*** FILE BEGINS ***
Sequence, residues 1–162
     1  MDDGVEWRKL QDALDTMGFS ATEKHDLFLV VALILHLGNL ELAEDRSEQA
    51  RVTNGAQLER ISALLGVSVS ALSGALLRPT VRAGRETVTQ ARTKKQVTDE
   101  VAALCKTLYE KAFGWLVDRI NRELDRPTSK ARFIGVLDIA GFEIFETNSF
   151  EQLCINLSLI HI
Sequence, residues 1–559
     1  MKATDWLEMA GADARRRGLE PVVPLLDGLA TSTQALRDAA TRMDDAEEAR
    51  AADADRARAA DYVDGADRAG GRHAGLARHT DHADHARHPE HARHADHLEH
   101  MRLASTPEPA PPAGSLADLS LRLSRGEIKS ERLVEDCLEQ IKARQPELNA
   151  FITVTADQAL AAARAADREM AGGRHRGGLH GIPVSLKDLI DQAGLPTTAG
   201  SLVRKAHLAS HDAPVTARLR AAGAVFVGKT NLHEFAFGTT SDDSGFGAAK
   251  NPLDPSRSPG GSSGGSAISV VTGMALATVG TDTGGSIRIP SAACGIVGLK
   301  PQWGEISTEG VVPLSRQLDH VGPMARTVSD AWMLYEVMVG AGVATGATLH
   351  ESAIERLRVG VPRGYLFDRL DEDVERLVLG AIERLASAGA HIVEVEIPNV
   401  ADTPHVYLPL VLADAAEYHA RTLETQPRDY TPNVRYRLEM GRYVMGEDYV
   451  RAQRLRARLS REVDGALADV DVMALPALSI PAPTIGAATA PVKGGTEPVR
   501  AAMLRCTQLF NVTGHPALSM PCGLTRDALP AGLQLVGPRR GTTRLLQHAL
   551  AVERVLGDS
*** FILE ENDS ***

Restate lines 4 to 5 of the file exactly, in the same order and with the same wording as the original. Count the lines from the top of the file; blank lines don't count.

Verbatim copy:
   101  VAALCKTLYE KAFGWLVDRI NRELDRPTSK ARFIGVLDIA GFEIFETNSF
   151  EQLCINLSLI HI